Also, medical conditions (e.g., thyroid problems, a brain tumor or vitamin deficiency) can mimic symptoms of depression so it is important to rule out general medical causes.
Depression affects an estimated one in 15 adults (6.7%) in any given year. And one in six people (16.6%) will experience depression at some time in their life. Depression can strike at any time, but on average, first appears during the late teens to mid-20s. Women are more likely than men to experience depression. Some studies show that one-third of women will experience a major depressive episode in their lifetime.
Risk Factors for Depression
Depression can affect anyone—even a person who appears to live in relatively ideal circumstances. Several factors can play a role in depression:
- Biochemistry: Differences in certain chemicals in the brain may contribute to symptoms of depression.
- Genetics: Depression can run in families. For example, if one identical twin has depression, the other has a 70 percent chance of having the illness sometime in life.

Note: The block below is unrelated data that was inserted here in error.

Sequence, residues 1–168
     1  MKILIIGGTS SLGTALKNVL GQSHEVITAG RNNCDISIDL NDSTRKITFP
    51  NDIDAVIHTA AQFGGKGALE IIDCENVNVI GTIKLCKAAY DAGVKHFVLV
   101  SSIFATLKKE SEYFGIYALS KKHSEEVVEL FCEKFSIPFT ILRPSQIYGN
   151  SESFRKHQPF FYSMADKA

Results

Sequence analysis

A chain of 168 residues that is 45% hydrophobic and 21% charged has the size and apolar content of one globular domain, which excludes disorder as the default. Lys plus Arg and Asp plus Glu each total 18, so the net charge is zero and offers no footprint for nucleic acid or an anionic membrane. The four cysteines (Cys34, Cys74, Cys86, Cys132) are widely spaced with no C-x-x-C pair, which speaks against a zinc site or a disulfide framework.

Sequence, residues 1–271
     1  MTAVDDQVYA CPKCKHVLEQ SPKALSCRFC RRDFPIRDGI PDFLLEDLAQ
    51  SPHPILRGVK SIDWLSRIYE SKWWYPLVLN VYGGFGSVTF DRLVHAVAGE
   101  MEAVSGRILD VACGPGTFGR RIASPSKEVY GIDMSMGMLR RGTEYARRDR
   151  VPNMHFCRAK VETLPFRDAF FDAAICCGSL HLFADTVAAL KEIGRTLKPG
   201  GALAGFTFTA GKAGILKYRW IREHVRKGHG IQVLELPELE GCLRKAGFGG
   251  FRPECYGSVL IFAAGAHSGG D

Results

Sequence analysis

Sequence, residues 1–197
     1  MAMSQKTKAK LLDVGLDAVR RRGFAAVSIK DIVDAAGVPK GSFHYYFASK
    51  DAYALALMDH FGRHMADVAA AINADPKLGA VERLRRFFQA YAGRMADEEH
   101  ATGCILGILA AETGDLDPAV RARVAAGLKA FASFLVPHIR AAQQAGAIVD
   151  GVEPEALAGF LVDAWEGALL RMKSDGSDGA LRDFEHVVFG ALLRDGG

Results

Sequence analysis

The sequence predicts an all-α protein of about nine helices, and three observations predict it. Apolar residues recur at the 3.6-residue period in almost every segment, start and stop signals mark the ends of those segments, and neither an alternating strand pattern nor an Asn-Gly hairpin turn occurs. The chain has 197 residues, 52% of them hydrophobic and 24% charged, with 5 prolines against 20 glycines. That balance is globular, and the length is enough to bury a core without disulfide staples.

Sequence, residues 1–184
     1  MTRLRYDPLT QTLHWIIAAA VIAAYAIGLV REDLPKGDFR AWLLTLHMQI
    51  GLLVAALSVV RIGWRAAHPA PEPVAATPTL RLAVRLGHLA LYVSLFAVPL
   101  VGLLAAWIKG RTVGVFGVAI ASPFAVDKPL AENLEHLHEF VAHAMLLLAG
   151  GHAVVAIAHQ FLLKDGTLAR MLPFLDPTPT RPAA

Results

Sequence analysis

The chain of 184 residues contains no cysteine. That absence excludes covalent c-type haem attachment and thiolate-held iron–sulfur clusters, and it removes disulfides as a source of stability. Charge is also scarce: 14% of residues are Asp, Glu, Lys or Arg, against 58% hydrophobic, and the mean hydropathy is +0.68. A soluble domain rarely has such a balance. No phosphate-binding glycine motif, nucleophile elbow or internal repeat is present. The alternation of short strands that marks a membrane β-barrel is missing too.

- Personality: People with low self-esteem, who are easily overwhelmed by stress, or who are generally pessimistic appear to be more likely to experience depression.
- Environmental factors: Continuous exposure to violence, neglect, abuse or poverty may make some people more vulnerable to depression.
Why is dealing with depression so difficult?
Depression drains your energy, hope, and drive, making it difficult to take the steps that will help you to feel better. Sometimes, just thinking about the things you should do to feel better, like exercising or spending time with friends, can seem exhausting or impossible to put into action.